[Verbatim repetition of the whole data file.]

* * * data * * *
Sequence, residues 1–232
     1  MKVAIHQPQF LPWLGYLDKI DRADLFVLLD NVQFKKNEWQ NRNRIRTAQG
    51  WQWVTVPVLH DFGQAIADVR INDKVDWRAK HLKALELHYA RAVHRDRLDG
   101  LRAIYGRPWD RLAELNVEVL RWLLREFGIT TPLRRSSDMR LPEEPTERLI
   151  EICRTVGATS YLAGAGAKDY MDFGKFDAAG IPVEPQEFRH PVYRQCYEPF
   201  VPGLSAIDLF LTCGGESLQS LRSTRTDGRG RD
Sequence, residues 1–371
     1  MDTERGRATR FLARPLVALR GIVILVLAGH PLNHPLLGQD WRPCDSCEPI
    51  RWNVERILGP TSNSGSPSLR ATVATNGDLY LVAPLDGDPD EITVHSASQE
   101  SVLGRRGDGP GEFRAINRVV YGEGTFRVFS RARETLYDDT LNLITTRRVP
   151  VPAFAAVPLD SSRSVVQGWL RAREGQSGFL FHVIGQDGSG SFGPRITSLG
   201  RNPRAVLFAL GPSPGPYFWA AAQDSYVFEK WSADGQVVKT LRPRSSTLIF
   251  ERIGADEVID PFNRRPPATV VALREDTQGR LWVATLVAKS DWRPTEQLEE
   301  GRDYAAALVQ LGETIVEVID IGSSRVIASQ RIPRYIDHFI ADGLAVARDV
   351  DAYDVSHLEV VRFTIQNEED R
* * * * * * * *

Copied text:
Sequence, residues 1–232
     1  MKVAIHQPQF LPWLGYLDKI DRADLFVLLD NVQFKKNEWQ NRNRIRTAQG
    51  WQWVTVPVLH DFGQAIADVR INDKVDWRAK HLKALELHYA RAVHRDRLDG
   101  LRAIYGRPWD RLAELNVEVL RWLLREFGIT TPLRRSSDMR LPEEPTERLI
   151  EICRTVGATS YLAGAGAKDY MDFGKFDAAG IPVEPQEFRH PVYRQCYEPF
   201  VPGLSAIDLF LTCGGESLQS LRSTRTDGRG RD
Sequence, residues 1–371
     1  MDTERGRATR FLARPLVALR GIVILVLAGH PLNHPLLGQD WRPCDSCEPI
    51  RWNVERILGP TSNSGSPSLR ATVATNGDLY LVAPLDGDPD EITVHSASQE
   101  SVLGRRGDGP GEFRAINRVV YGEGTFRVFS RARETLYDDT LNLITTRRVP
   151  VPAFAAVPLD SSRSVVQGWL RAREGQSGFL FHVIGQDGSG SFGPRITSLG
   201  RNPRAVLFAL GPSPGPYFWA AAQDSYVFEK WSADGQVVKT LRPRSSTLIF
   251  ERIGADEVID PFNRRPPATV VALREDTQGR LWVATLVAKS DWRPTEQLEE
   301  GRDYAAALVQ LGETIVEVID IGSSRVIASQ RIPRYIDHFI ADGLAVARDV
   351  DAYDVSHLEV VRFTIQNEED R